"Tim Little" <email@example.com> wrote in message news:firstname.lastname@example.org... > On 2010-06-18, Virgil <Virgil@home.esc> wrote: >> Given the axiom of choice, as in ZFC, any countable set must be, at >> least theoretically, listable, though such a listing need not be >> computable. > > The definition of countability is the existence of a bijection with a > subset of N. Since N can be well-ordered even in ZF, the theorem > (countable -> listable) is easily proven without AC. > > > - Tim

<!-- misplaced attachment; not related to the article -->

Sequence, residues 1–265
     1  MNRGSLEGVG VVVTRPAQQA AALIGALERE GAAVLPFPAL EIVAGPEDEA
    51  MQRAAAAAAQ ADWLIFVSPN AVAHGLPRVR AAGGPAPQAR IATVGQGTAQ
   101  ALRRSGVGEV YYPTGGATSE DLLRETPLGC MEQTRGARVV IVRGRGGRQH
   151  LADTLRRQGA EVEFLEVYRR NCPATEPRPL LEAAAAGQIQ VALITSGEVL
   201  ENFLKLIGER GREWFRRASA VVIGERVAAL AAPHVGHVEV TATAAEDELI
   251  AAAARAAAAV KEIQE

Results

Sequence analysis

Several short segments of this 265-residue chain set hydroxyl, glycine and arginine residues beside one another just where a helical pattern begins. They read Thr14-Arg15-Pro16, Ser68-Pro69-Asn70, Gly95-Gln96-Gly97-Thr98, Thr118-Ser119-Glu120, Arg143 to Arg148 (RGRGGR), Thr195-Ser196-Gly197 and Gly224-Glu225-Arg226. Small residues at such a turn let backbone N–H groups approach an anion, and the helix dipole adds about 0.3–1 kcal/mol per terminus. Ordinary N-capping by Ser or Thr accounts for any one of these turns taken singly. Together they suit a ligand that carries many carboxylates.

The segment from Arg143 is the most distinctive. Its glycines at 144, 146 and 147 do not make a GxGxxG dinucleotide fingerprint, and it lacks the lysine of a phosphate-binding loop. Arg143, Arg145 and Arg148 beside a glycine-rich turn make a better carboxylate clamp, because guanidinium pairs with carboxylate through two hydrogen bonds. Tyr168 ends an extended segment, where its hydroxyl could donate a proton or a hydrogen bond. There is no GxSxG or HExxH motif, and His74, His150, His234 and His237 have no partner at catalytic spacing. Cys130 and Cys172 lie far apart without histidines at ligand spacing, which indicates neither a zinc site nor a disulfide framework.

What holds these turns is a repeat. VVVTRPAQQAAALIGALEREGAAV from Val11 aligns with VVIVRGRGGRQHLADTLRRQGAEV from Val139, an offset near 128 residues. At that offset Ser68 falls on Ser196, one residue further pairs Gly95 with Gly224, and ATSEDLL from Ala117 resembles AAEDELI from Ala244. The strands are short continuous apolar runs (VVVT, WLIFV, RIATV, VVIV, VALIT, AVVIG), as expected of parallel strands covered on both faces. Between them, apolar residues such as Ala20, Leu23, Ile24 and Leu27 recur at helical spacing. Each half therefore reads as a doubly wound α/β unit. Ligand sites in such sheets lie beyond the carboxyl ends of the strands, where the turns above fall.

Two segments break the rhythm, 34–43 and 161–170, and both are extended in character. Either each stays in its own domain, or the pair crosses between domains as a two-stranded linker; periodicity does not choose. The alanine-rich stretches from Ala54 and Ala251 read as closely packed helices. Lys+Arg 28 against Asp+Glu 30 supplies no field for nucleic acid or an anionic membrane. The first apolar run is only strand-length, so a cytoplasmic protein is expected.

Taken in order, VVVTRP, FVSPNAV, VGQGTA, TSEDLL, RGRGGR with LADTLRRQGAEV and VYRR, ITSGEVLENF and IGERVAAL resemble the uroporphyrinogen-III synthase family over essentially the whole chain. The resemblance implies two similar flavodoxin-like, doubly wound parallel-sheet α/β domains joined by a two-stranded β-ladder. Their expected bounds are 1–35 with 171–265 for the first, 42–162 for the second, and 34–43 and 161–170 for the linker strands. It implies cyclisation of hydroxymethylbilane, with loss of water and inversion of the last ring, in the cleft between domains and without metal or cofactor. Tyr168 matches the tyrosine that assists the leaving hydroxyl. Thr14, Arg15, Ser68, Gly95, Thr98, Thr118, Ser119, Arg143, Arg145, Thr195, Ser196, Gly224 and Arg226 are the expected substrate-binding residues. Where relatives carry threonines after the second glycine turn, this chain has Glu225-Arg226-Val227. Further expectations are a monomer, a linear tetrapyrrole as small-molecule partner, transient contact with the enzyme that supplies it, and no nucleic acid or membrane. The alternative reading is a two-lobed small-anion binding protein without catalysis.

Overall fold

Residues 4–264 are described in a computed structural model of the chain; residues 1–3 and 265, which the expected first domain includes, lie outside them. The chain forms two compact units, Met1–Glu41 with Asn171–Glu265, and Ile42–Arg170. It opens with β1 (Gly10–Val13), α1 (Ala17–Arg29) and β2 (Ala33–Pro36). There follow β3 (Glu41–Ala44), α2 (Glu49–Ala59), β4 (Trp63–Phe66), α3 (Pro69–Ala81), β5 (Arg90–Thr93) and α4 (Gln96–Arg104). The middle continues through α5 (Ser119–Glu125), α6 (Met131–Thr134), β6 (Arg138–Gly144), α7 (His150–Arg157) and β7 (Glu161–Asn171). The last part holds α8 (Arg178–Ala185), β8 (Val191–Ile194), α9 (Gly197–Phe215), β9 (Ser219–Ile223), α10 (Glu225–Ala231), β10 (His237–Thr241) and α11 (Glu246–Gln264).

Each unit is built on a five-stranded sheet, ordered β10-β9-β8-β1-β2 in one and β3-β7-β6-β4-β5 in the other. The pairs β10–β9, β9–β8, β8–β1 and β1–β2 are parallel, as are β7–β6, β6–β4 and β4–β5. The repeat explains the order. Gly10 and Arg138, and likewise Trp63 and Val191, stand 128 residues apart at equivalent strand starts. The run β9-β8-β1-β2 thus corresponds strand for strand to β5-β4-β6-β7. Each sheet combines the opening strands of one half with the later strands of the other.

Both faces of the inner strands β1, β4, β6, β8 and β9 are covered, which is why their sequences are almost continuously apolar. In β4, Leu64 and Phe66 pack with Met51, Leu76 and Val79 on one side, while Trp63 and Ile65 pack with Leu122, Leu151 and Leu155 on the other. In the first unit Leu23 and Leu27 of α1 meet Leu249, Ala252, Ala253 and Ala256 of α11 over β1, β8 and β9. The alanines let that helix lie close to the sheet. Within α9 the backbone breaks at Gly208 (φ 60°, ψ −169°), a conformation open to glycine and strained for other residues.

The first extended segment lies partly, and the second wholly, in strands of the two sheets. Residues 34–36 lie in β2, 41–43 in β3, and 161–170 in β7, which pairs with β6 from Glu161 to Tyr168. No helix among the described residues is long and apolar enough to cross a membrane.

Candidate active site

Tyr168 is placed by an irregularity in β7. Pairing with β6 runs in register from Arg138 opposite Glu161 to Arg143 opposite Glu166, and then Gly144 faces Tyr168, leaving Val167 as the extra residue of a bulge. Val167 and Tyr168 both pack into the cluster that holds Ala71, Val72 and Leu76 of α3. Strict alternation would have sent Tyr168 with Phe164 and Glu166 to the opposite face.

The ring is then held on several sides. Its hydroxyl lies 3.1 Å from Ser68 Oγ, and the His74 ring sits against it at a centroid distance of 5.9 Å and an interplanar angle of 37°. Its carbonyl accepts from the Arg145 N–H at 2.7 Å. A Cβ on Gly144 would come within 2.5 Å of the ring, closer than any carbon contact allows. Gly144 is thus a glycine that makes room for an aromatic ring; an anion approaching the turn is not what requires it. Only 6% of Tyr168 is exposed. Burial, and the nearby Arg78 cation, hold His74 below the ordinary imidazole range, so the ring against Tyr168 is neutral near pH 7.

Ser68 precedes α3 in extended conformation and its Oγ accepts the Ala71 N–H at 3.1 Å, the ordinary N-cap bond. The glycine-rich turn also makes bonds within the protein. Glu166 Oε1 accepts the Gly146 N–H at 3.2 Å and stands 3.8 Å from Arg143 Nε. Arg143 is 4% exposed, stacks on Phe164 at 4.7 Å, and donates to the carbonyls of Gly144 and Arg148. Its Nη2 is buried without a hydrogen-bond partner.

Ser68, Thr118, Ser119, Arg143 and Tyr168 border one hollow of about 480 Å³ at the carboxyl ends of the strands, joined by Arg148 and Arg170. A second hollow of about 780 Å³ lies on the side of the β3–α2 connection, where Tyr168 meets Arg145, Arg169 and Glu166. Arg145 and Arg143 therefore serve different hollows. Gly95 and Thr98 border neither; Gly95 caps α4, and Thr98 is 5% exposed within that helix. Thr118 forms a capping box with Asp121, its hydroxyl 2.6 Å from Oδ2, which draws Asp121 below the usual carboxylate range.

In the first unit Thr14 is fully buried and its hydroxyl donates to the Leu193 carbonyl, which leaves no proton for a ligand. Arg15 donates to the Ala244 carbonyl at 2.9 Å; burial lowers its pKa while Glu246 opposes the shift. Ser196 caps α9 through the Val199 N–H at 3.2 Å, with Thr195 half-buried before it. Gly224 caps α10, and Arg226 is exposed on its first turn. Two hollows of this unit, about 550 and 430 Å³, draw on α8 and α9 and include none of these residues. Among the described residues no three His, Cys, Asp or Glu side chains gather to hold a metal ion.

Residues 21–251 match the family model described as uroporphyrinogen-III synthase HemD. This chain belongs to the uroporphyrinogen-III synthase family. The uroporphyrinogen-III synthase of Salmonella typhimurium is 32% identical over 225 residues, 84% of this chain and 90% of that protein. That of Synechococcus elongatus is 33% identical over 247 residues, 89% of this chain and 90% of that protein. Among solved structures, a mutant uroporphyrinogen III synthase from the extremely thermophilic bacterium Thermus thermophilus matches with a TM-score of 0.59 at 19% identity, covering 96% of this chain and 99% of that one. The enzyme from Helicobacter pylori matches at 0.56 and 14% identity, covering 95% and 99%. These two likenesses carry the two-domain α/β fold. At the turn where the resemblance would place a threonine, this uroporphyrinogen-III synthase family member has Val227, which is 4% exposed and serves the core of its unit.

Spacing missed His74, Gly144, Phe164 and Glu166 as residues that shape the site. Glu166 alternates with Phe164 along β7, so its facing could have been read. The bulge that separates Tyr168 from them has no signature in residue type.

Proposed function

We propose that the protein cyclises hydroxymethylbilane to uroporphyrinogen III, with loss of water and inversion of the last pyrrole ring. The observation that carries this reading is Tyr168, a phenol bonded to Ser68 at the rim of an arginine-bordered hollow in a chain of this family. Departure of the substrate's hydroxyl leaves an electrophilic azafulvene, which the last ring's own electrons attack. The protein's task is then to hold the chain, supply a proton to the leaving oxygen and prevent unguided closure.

Well gee, so you say.
I agree that computable reals are countable. But I do not agree this means they can be listed. In fact, I can easily prove they are not. If you give me a purported list of all computable Reals I can use a diagonal argument to form a computable Real not on the list.
Clearly there are countable sets that cannot be listed.
Cantor proved that the Reals cannot be listed. His diagonal proof does *not* show they are uncountable, any more than doing exactly the same proof with computable Reals "proves" they are uncountable.